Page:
People do horrible things and people often have horrible things done to them. Good historical fiction allows you to understand the atrocities but I think I enjoy the safety net of ‘fiction’ that they provide.

History books don’t do that so I tend to stay away from the painful ones.

Looking at the top ten I can see there are several themes; there is one African History book and two Scientific History books but the most popular topics seem to be World War II (3x) and American History (4x).

Out of the list above I think I would only be interested in reading The Devil in the White City which appears to be about an American serial killer (gosh, I’m grim). If I leave the top ten and venture upwards I come across Alexander Hamilton by Ron Chernow and The Immortal Life of Henrietta Lacks by Rebecca Skloot, both of which I already have on my TBR.

I found that some historians and researchers, although they know their stuff and are passionate about their area of expertise, don’t always present the narrative in a way that’s enjoyable.

Yes, I appreciate that a true historical account shouldn’t contain fiction but history can be interesting and so should be written in the same way. I also appreciate that some people will find certain historical events incredibly interesting while others really won’t. Much like fiction, interest in historical events is also incredibly subjective.

What are my favourites.jpg

Well I really haven’t read much at all! The Diary of Anne Frank is an incredibly moving read that has always stuck with but I genuinely can’t think of much more.

The best history books ever (in my humble opinion) are these ones:-


I also really enjoy these:-

rejected princesses


Do you read a lot of history? What time periods/ events/ focus are you most interested in?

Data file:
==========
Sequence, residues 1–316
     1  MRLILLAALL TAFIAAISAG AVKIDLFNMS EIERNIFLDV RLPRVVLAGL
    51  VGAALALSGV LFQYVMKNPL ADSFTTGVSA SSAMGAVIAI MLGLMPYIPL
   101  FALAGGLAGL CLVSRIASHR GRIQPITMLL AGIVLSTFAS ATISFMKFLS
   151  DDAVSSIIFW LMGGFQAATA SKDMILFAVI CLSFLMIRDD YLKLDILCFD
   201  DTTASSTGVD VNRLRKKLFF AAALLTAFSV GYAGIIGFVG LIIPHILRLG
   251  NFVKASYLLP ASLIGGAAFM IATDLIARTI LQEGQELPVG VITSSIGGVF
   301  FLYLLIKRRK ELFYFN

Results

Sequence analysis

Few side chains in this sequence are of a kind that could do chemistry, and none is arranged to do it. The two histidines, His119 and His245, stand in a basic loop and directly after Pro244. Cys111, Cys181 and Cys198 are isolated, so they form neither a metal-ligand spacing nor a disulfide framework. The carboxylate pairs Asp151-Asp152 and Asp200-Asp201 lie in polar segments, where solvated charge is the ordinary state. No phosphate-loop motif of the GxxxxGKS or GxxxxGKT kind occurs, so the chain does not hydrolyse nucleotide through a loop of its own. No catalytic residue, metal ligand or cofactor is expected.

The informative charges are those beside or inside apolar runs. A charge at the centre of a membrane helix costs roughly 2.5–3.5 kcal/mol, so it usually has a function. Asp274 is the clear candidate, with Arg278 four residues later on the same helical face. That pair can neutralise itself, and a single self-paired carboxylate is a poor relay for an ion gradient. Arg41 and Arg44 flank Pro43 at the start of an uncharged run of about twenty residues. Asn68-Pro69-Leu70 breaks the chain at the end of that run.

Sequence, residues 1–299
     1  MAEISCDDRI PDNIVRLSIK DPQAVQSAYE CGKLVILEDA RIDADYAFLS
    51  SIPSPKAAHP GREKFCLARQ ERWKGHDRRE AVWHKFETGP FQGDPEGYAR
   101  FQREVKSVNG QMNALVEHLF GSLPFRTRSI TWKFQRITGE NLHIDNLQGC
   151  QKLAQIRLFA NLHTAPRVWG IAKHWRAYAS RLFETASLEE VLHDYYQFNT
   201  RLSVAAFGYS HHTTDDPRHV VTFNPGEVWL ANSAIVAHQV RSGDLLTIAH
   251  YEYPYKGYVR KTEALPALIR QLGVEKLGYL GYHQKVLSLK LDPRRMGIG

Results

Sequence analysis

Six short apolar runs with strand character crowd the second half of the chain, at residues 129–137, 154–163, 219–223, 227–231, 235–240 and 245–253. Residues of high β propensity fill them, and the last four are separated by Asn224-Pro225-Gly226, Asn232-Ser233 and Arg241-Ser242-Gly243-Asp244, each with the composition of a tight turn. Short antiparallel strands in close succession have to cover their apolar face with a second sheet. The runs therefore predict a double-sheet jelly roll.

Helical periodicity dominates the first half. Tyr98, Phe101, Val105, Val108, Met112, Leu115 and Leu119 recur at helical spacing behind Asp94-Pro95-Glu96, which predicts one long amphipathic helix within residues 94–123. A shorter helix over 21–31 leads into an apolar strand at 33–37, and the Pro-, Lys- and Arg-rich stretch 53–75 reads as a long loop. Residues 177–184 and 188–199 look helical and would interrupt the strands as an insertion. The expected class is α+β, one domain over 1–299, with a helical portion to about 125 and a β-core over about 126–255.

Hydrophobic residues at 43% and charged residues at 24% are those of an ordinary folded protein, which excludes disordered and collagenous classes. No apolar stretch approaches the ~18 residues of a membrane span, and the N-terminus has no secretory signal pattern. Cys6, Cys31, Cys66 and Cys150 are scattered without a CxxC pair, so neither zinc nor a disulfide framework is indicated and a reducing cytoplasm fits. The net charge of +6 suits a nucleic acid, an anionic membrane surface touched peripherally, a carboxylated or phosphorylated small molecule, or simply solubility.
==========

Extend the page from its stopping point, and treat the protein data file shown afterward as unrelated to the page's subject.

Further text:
I think I have a creepy fascination with real life historical murders and a not so creepy fascination with women in history.

Aside from those topics I don’t know if anything else appeals but then there’s so much to be explored so I could be missing out on some wonders!

Let me know your thoughts and I’ll see you in May for another ‘Book Theme’ – topic TBC!

7 thoughts on “Bookish: Book Theme – History

  1. Currently enjoying Blackout by Connie Willis which is all about the Blitz and evacuee children and all that. It’s fiction but extremely well researched. I have great admiration for the British people during this horrible time.

    Namarie, God bless, Anne Marie 🙂

    Liked by 1 person

    1. That sounds like a very interesting read and I’ll check it out because I feel like I should know more about that time period. I was always very interested in hearing my grandad’s stories because even as an old man he remembers travelling with his sisters to the country with his gas mask box.

      He didn’t have a great time with the first people he stayed with and they treated him as a skivvy because they didn’t want to take on someone else’s child even if it was for their safety. The second family he stayed with were already looking after one of his sisters and so were a lot nicer. In the end his mum (my great grandmother) didn’t want her children scattered about the country and said that if they died then they would die together so she brought them all back to London.

      It’s crazy but my grandad’s memories were hiding as a family under the dining room table (minus his dad who was fighting) and listening to the sirens. I wish I’d asked him more about it because it all seems so surreal now.


      1. You will likely love Blackout – it is definitely ‘you are there’ realism – with a time travel twist. There is a sequel but I DNF that – too much of the stressed out historians from the future for me to enjoy it which is odd because Blackout was so wonderful. She also wrote The Doomsday Book which travels back to the Black Death in England which I read decades ago now and remains one of my favorites.

        Namarie, God bless, Anne Marie 🙂

        Liked by 1 person

  2. I love learning about history, but I’m not a big fan of history books either. When I want to learn about history, I usually turn to documentaries or stuff on the internet. I think a part of me expects history books to be as dry as textbooks and so I avoid them like the plague. I’m sure it’s not true, but I can’t get over that bias.

    Liked by 1 person

    1. Sadly the very few history books that I’ve read kind of are as dull as dishwater. The only exception is the Horrible History series that I mentioned which is just brilliant. It’s aimed at a middle grade audience but they don’t spare the grimness of historical times!